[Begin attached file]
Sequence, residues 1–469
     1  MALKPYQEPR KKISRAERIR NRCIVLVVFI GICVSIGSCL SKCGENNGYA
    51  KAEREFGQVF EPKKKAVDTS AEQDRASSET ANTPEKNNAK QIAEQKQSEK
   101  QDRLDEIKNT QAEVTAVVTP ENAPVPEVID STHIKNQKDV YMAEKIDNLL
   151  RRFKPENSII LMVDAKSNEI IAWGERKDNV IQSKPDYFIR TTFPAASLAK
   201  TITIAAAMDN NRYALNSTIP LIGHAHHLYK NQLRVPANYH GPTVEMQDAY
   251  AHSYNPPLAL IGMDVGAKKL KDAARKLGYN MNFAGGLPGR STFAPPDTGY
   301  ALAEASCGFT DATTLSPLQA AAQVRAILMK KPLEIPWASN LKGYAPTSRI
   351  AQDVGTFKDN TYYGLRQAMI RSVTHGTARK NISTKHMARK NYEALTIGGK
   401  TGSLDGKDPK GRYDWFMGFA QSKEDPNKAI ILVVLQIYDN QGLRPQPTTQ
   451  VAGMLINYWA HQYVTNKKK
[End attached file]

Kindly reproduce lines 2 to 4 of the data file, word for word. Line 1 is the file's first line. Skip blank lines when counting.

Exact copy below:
     1  MALKPYQEPR KKISRAERIR NRCIVLVVFI GICVSIGSCL SKCGENNGYA
    51  KAEREFGQVF EPKKKAVDTS AEQDRASSET ANTPEKNNAK QIAEQKQSEK
   101  QDRLDEIKNT QAEVTAVVTP ENAPVPEVID STHIKNQKDV YMAEKIDNLL